Jineth recounts the ordeal that she and her photojournalist colleague suffered, “For 8 days we were ridiculed, starved, and left without medication. We endured humiliation and fear.” A group of locals brought them just enough food to survive, and organised for them to speak to the Commander of FARC who ultimately agreed to release them. The director of El Tiempo organised for a plane to collect them in an open field. “Up to the point that we stepped on that plane, they told us they were going to kill us,” says Jineth.
Even though they were both exhausted when they arrived in Bogota, Jineth said, “They had a lot of food at the office when we arrived, but I couldn’t eat. All I wanted to do is write about our experience. It was important to get this information out.”
In her time as a journalist in Colombia, Jineth has received numerous dire warnings since first starting out as a junior at Radio Cadena National Radio (RCN Radio). In 1998, when she was only 24 years old, her report on a criminal network linked to arms trafficking was aired on RCN Radio. Later that day, an unassuming, old lady visited her office. She held a bag with a dead animal in it, handed it to Jineth and said, “If you don’t stop reporting on these things, you will be dead just like this animal here.”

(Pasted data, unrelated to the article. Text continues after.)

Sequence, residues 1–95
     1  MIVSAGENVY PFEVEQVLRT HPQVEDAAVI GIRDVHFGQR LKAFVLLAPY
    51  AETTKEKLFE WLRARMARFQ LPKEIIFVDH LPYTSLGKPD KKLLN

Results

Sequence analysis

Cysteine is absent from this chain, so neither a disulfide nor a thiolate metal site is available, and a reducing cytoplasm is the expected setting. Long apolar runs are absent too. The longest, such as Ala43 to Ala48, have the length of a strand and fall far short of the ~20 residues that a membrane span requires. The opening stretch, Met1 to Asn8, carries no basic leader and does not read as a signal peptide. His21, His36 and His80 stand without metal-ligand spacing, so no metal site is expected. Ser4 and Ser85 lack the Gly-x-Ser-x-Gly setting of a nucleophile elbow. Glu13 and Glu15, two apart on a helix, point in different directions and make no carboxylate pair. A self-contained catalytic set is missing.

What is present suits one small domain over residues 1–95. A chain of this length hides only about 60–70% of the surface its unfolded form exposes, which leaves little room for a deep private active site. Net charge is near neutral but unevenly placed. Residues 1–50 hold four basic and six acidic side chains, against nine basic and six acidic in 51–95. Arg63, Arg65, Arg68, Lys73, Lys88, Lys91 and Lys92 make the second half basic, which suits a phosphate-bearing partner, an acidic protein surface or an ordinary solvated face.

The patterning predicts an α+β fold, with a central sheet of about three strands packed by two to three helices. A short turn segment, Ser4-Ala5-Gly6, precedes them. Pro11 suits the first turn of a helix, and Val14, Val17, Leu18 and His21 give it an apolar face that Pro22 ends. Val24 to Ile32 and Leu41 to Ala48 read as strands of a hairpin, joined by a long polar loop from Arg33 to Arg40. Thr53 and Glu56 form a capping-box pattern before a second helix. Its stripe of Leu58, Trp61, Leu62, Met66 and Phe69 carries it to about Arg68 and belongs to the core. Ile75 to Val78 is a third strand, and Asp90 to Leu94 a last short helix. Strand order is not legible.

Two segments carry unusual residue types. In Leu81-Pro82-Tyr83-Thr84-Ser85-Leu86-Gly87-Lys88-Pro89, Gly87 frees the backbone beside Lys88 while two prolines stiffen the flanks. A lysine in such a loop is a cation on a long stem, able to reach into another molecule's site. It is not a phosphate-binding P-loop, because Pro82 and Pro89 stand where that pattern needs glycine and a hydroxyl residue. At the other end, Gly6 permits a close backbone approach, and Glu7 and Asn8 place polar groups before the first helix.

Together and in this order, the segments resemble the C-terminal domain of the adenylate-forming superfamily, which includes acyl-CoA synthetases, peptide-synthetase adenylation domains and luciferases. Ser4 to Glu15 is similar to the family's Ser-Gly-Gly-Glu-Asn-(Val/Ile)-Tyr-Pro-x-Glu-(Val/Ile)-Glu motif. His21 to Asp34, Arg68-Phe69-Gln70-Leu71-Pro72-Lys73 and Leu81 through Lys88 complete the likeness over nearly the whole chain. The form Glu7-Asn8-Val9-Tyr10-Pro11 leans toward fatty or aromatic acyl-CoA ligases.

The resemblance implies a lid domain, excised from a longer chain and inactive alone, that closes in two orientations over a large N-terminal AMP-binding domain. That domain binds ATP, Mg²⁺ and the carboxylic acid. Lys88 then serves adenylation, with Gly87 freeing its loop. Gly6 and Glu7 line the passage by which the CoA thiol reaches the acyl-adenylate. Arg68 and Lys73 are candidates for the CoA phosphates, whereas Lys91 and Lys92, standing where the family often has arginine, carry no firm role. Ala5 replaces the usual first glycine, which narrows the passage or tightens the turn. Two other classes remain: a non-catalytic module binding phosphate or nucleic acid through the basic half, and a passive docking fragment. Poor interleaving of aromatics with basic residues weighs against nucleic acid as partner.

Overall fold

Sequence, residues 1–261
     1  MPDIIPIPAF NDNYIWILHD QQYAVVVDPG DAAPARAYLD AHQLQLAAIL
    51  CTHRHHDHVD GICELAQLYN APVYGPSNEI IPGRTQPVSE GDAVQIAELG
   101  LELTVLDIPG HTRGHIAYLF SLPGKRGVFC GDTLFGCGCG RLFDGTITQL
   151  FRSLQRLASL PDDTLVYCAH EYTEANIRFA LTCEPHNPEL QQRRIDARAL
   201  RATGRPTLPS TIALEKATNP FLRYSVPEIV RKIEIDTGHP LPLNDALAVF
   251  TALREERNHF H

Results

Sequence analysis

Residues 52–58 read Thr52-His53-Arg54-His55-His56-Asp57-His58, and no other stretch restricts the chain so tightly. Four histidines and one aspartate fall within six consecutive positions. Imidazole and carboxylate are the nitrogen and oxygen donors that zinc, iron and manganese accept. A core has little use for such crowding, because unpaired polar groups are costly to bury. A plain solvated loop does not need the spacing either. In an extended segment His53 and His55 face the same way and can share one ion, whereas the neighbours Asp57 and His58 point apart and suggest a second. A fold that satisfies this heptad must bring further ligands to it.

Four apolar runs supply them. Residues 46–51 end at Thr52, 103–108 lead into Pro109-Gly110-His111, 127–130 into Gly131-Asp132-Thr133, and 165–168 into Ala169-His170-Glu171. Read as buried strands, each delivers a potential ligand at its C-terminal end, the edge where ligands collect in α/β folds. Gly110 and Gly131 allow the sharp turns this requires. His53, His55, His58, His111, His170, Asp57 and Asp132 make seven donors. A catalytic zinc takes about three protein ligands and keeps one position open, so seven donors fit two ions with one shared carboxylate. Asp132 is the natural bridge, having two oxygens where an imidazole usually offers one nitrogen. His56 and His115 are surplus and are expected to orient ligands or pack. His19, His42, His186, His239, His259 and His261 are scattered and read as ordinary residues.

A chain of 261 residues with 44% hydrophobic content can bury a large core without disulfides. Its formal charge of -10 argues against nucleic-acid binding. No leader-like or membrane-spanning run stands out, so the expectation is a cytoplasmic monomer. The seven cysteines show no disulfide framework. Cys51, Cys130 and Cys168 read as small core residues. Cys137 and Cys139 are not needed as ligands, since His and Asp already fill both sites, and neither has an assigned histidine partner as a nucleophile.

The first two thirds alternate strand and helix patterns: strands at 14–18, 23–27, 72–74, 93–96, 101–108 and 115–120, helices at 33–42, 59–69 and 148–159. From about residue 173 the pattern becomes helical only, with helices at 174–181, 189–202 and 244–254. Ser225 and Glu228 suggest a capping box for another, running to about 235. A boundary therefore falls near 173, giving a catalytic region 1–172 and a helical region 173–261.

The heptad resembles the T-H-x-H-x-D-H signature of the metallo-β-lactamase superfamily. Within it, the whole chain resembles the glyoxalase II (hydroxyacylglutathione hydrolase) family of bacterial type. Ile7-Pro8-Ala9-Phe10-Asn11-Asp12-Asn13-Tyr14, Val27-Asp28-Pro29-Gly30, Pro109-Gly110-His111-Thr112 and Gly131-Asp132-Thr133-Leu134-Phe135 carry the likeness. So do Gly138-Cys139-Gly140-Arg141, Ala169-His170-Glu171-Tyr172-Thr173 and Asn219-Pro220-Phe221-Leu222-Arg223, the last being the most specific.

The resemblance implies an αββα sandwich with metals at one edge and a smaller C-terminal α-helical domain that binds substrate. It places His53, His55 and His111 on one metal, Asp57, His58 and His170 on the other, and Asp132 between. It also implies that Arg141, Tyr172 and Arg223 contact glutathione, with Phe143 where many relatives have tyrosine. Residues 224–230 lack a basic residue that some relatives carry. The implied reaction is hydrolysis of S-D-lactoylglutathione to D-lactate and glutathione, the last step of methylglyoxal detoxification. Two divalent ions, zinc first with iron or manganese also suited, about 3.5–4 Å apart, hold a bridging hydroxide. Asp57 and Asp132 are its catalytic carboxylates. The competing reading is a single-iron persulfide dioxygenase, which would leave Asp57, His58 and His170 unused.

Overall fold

A few months later, a masked assassin with a shotgun on a bike shot at Jineth while she walked home with her mother from the busstop. Her mother protected Jineth from the bullet. The masked man returned, grabbed Jineth’s mother by her coat and dragged her along the road from the back of his bike for one block. Her internal injuries kept her in the hospital for two weeks.
To this day Jineth is a target. “In the last year, I’ve received five threats, mainly phone calls, but the last threat was through one of my sources. My source said were going to kill me.” She knows who is making the calls, but doesn’t want to say. Instead, she says, “I continue to feel kidnapped. It’s impossible to live normally. Everyday, I am reminded when I put on my bullet proof vest, and have to travel in the armoured car.”
The multi-award winning journalist, public speaker and author of numerous Spanish-language books lives with her mother under the protection of 5 bodyguards. The people responsible for the attempt on her life, the kidnappings and innumerable threats, still walk free.
In its 2013 Report, The Inter-American Development Bank (IDB) states that, “Colombia is the second most dangerous country in South America for women.”
45 Journalists have been murdered in Colombia since 1992.
The Committee to Protect Journalists places Colombia in the top 5 of its Impunity Index 2013 ( a global index which calculates unsolved journalist murders as a percentage of each country's population).Reuse content